Chris McDaniel speaks to his supporters during a campaign stop on Lakeland Drive in Flowood on Monday, Nov. 5, 2018. Credit: Eric J. Shelton, Mississippi Today/ Report for America

Note: This analysis first published in Mississippi Today’s weekly legislative newsletter. Subscribe to our free newsletter for exclusive early access to weekly analyses.

Chris McDaniel walks into Speaker of the House Kevin McCarthy’s office with his family on Jan. 3, 2023, places his left hand on a family Bible, raises his right hand, and is sworn into the 118th Congress of the United States.

This scenario, though premature to consider, is not nearly as improbable as it may seem.

McDaniel, the far-right flamethrower who gained national notoriety while twice trying to win a U.S. Senate seat in recent years, could finally make it to Washington if he wanted it. 

And, according to people close to McDaniel, he is considering it with about one month before the March 1 qualifying deadline.

“My polling numbers are stronger than they’ve ever been, so I’m keeping all of my options open at this time,” McDaniel told Mississippi Today on Monday. 

The race for Mississippi’s 4th Congressional District is wide open. There’s a 10-year incumbent in Congressman Steven Palazzo, but that incumbency may mean little considering he’s being investigated by the House Ethics Committee for allegedly misspending campaign funds.

READ MORE: Ethics report shows ‘substantial’ evidence of Rep. Palazzo wrongdoing

As of this week, at least six other Republicans have announced their intentions of challenging Palazzo in the primary. This list includes some high-profile names like Jackson County Sheriff Mike Ezell, state Sen. Brice Wiggins and retired bank executive Clay Wagner.

The district itself is the most Republican in Mississippi, and it’s among the reddest in America. In 2020, former President Donald Trump won 68% of the vote in the 4th District. It features big population centers like the Gulf Coast, Hattiesburg, and up through the Free State of Jones — McDaniel’s home turf.

But it’s not just Jones County where McDaniel has always enjoyed his biggest support. He lays claim to the I-59 corridor, from his home county all the way down through Pearl River County.

Results from the two statewide campaigns McDaniel has run prove that he has a tight grasp on the 4th Congressional District.

In the 2018 special U.S. Senate election, he earned 54,000 votes in the 4th Congressional District alone. That special election featured four total candidates in a “jungle primary,” including incumbent U.S. Sen. Cindy Hyde-Smith, the hand-picked Republican of the establishment, and well-known Democrat Mike Espy.

That same year, the last midterm primary, Palazzo earned just 30,000 votes — about 20,000 votes shy of McDaniel.

The 2014 Republican primary provides a more apples-to-apples vote comparison. That year, McDaniel was running for the U.S. Senate against longtime incumbent Sen. Thad Cochran, and Palazzo was running for his third term in the U.S. House.

In the Republican primary for the House in August 2014, Palazzo won handily with 54,286 votes. In the Senate runoff for precincts in the 4th Congressional District that same year, McDaniel earned 67,000 votes in a close loss to Cochran — about 13,000 more than Palazzo.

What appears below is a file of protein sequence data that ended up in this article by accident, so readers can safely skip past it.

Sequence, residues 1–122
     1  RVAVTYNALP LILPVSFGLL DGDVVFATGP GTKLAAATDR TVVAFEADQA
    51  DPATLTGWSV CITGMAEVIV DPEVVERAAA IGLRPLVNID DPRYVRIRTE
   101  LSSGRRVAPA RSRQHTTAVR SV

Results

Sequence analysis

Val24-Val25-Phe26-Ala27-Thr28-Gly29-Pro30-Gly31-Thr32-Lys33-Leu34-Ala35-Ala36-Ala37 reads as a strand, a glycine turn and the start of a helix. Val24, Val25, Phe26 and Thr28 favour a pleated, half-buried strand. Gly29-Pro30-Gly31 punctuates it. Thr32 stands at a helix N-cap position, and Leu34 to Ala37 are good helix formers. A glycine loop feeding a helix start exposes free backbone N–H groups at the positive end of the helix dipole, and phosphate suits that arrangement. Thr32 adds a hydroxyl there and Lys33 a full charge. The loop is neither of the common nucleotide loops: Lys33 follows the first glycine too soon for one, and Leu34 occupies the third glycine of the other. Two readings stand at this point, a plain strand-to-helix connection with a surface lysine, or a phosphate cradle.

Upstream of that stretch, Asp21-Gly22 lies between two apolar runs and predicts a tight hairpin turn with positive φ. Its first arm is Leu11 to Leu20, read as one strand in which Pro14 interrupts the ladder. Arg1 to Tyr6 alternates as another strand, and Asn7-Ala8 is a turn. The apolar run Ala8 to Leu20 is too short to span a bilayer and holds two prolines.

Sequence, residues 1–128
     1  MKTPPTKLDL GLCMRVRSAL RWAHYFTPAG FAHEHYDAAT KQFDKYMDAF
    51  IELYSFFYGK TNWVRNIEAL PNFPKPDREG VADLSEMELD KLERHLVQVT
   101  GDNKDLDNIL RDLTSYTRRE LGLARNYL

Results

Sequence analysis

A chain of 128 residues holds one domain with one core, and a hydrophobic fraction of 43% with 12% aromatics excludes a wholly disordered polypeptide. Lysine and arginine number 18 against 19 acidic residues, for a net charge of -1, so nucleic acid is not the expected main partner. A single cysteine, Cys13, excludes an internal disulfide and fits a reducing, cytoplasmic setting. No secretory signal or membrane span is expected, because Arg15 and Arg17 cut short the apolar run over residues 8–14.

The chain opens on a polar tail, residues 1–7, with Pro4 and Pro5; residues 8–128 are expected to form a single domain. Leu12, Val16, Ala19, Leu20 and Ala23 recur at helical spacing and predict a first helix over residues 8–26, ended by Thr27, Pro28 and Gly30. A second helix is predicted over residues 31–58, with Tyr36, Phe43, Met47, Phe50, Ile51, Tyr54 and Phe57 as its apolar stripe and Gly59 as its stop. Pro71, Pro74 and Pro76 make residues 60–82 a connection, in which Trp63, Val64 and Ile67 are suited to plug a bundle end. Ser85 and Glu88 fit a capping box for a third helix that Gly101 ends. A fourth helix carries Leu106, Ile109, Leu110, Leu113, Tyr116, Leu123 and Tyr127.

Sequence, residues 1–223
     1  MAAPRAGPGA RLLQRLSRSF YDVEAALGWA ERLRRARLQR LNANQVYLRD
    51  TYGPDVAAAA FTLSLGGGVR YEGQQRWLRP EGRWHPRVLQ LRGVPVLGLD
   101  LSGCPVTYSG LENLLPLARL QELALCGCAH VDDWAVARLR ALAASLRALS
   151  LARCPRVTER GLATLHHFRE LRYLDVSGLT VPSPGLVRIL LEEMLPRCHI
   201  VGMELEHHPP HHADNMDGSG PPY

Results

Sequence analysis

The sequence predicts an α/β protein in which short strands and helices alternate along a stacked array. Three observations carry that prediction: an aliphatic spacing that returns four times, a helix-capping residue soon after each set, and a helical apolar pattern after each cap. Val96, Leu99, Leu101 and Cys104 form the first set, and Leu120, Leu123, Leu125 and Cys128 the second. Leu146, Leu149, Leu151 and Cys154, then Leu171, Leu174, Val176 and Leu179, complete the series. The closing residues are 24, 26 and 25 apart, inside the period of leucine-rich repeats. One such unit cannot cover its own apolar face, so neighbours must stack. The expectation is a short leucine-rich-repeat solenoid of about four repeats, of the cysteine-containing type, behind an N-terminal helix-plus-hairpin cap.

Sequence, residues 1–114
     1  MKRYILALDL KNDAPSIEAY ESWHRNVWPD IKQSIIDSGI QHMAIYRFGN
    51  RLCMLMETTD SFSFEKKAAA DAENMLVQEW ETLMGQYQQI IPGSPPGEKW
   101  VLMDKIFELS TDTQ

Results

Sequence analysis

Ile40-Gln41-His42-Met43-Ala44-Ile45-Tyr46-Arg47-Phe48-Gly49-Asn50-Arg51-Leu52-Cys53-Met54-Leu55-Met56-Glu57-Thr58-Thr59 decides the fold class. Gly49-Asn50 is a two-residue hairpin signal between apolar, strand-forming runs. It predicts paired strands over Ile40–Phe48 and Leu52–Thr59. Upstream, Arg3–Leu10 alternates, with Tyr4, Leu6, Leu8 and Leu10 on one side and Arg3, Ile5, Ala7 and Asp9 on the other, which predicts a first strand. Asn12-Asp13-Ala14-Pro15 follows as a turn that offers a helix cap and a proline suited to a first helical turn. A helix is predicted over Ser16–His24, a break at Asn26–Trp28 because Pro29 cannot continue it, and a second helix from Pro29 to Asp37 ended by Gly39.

Though running in different races in both 2014 and 2018, McDaniel earned more votes in the 4th Congressional District than the district’s incumbent congressman.

There are some obvious caveats. First, most obviously, McDaniel and Palazzo weren’t running against each other. 

And the political landscapes of 2014, with the nation closely scrutinizing the Senate primary, and 2018, when a first-term Republican president was trying to retain a House majority, could be seen as lightyears away from the realities of today. But not much has changed, at least politically and electorally, in Mississippi’s 4th.

And with so many candidates in the crowded primary, it seems likely that there will be a runoff if no single candidate can garner 50% of the vote. How might McDaniel’s chances look given that dynamic?

All that said, the first question is the most simple: Will McDaniel run? 

On Jan. 6, McDaniel posted to his Facebook page a photo of himself speaking in a church: “Huge crowd tonight. Patriots are awakening. Change is coming!” 

On Jan. 27, he wrote a similar post: “Speaking to conservatives from around the state. People are awake; change is coming!”

While a devout Chicago Cubs fan, McDaniel’s very favorite pastime seems to be stirring the pot on Facebook and making people wonder whether he’s running for higher office.

He enjoys the relatively humble lifestyle of a state senator. And being a congressman can be… well, miserable. With two-year terms, you’re constantly running for office, the weekend red-eyes between Washington and Mississippi wear you down, and it seemingly takes eons to rise in the ranks of Congress.

If he does run, it will certainly make for an interesting few weeks in Mississippi.


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Adam Ganucheau, as Mississippi Today's editor-in-chief, oversees the newsroom and works with the editorial team to fulfill our mission of producing high-quality journalism in the public interest. Adam has covered politics and state government for Mississippi Today since February 2016. A native of Hazlehurst, Adam has worked as a staff reporter for AL.com, The Birmingham News and The Clarion-Ledger and his work has appeared in The New York Times, The Washington Post and Atlanta Journal-Constitution. Adam earned his bachelor’s in journalism from the University of Mississippi.